The pharmaceutical industry faces a host of increasingly complex challenges and critical decisions when attempting to manage and predict their products’ plausible revenue patterns.
The mishandling of revenue forecasting and evaluation can result in substantial financial liabilities, which has become more of an issue for manufacturers as products, disease states and additional factors that previously existed in a somewhat predictable space have progressively become more nuanced and idiosyncratic.
Over time, the industry has begun to trend toward a more value-based or outcomes-based focus rather than largely centering around creating as much patient access as possible.
This creates a more complicated process for manufacturers as there is much more pressure to substantiate the value of a product, its funding and mutual risk sharing with other stakeholders.
As a result, contracts have become more intricate while companies attempt to address and alleviate uncertainties about their products’ prospective financial performance and overall efficacy. Throughout the past several years, there has been a tangible shift away from using “access based” contractual agreements as the default option.
For example, rather than offering a flat percentage of revenue for purchased or dispensed units as a form of reimbursement, pharmaceutical manufacturers may instead suggest more elaborate performance mechanisms to their contracted entities to determine reimbursement. These may include measurements of adherence or discontinuation of therapy, clinical markers of efficacy, treatment outcomes, or patient spend, all of which require more robust systems, procedures, and people to support. This not only creates a more complicated contracting landscape, but also within the downstream processes affected by that altered language.
Claims processing, rebate calculation, price modeling, and financial forecasting all become intricate as the contracting variables become more nuanced and unpredictable. From a forecasting perspective, when the price concessions or rebate liabilities are based on a static set of values, like a fixed dollar amount per unit or percentage of sales, it is much easier to reliably predict future financials. By contrast, when having to forecast payments that are tied to product efficacy, patient behavior, and therapeutic outcomes, a larger and more complex set of variables must be considered which can make predictions less certain.
This evolution in contracting complexity precipitates several other challenges.
Manufacturers must ensure that their forecasting and accruals personnel not only have experience in general financial forecasting but also must become familiar with the many nuances of pharmaceutical contracting. This creates operational concerns as manufacturers must dedicate time and effort to hire and train multi-disciplinary analysts to support their changing needs, as these processes can have tremendous impacts on their bottom line.
Additionally, a more elaborate panel of contract scenarios begets an investment in more robust tools to support the resulting accruals, forecasting, and modeling. Many manufacturers have historically utilized various simple tools, such as Excel, to effectively forecast product performance. These can be serviceable for more basic scenarios, but as contracting strategies continue to become more involved and individualized within various therapeutic areas, their inherent limitations create an abundance of barriers for successful forecasting.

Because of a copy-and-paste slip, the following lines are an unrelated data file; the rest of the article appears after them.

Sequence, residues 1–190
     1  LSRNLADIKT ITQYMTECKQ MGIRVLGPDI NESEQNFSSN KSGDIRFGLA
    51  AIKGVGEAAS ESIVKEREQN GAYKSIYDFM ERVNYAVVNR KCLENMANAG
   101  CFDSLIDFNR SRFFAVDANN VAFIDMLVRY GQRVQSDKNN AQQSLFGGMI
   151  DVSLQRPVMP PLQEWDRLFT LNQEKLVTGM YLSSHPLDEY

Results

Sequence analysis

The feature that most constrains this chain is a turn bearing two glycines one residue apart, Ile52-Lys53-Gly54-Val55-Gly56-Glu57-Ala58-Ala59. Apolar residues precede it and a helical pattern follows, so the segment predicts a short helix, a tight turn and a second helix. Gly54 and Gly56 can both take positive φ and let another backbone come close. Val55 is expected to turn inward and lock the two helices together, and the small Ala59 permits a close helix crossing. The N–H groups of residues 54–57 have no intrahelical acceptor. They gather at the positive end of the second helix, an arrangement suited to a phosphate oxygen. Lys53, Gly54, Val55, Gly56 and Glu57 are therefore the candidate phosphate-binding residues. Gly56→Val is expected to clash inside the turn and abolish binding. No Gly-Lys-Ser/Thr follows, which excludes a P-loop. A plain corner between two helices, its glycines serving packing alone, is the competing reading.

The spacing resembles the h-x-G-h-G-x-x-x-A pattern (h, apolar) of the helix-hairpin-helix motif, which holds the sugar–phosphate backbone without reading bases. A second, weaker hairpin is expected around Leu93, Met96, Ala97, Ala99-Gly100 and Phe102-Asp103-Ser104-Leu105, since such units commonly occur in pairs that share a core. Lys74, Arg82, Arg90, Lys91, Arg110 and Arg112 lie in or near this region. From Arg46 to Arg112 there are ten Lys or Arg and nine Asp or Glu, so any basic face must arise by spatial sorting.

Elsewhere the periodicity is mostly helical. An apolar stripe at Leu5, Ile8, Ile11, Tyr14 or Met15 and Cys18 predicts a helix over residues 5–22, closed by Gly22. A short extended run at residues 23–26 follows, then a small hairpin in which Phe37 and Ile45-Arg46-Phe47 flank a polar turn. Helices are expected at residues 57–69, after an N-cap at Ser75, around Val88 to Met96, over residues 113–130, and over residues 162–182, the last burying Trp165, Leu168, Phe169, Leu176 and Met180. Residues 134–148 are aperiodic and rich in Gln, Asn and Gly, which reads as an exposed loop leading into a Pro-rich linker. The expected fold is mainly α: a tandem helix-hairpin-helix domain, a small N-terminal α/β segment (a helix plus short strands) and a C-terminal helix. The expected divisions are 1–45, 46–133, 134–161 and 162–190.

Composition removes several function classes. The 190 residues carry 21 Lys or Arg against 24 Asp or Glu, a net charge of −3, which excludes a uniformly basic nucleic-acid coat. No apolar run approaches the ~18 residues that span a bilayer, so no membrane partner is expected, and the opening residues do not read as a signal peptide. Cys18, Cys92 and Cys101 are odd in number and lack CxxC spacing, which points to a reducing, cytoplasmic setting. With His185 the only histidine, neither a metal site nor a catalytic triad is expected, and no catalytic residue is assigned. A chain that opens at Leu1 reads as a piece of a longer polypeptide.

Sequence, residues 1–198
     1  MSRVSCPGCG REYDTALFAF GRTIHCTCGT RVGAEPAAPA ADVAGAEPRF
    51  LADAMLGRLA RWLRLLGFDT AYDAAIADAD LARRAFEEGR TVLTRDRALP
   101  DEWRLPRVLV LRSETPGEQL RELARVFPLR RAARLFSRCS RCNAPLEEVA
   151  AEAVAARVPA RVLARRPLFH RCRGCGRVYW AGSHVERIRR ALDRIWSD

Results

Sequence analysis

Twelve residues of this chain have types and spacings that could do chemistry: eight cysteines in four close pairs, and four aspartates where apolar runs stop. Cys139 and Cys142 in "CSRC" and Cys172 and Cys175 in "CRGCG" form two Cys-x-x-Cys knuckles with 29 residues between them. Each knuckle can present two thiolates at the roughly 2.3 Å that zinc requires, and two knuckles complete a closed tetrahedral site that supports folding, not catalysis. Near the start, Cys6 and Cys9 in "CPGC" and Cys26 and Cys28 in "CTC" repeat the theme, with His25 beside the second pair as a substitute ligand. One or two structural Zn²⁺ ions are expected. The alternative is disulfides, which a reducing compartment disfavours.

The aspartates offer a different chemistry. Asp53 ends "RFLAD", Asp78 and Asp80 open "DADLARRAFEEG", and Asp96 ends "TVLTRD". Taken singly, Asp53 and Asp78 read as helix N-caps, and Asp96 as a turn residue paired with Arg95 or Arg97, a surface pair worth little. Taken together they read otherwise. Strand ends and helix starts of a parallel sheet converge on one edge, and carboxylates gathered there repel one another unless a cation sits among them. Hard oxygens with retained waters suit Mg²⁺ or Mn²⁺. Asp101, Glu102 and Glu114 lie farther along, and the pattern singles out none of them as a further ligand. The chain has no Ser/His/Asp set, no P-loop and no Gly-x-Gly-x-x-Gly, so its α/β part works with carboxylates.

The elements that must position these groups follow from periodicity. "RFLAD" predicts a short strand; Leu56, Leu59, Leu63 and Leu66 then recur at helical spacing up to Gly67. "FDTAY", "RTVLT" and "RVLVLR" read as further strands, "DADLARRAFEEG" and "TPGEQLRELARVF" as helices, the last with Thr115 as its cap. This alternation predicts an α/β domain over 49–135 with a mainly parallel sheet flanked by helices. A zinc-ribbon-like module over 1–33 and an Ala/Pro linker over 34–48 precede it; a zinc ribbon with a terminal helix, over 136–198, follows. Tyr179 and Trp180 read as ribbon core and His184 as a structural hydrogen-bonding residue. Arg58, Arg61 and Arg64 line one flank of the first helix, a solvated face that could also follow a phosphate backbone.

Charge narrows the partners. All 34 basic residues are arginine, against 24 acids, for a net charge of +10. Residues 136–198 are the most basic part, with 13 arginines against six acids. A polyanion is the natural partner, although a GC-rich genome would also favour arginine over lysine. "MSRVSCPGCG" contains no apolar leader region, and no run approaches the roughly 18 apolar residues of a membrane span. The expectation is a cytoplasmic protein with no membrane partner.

Concurrent with this shift to a more value-based contracting focus, the last several years have seen a steady stream of legislation, regulation, and rulemaking, both state and federal, that dictate the way in which manufacturers are permitted to price and reimburse their products.
These provisions are often additive with one another and can have long cycles of review and revision prior to application. Many never make it out of this window of consideration and into actual practice or enforcement. As a result, manufacturers are compelled to make long-term financial predictions and plans with several “What-If” scenarios built out based on the potential effects of these laws and mandates. This requires employees who understand the various idiosyncrasies of government pricing, in addition to forecasting, as well as technologies that support the maintenance of increasingly more elaborate models.
As a result of all these factors, traditional financial procedures have become much less viable in properly predicting revenue and liability patterns. Due to the challenges present in creating processes and platforms that can support their needs, manufacturers are finding it critically important to bring in outside partners to help oversee these operations and advise on how to set up models that can implement effectual strategies for their organization and products. EVERSANA has the technical capabilities, operational capacity, and depth of experience to support manufacturers to meet their needs and realize their goals in forecasting, accruals, projection, and scenario modeling.
To learn more about how you can leverage NAVLIN by EVERSANA and our distinctive data and analytic capabilities, contact [email protected] to speak with one of our global price and market access experts.
Robert Blank is a managing consultant at EVERSANA, working extensively in revenue management software solutions for the pharmaceutical and medical device industries. His expertise includes Medicaid and Managed Care rebates, chargebacks, and membership management.…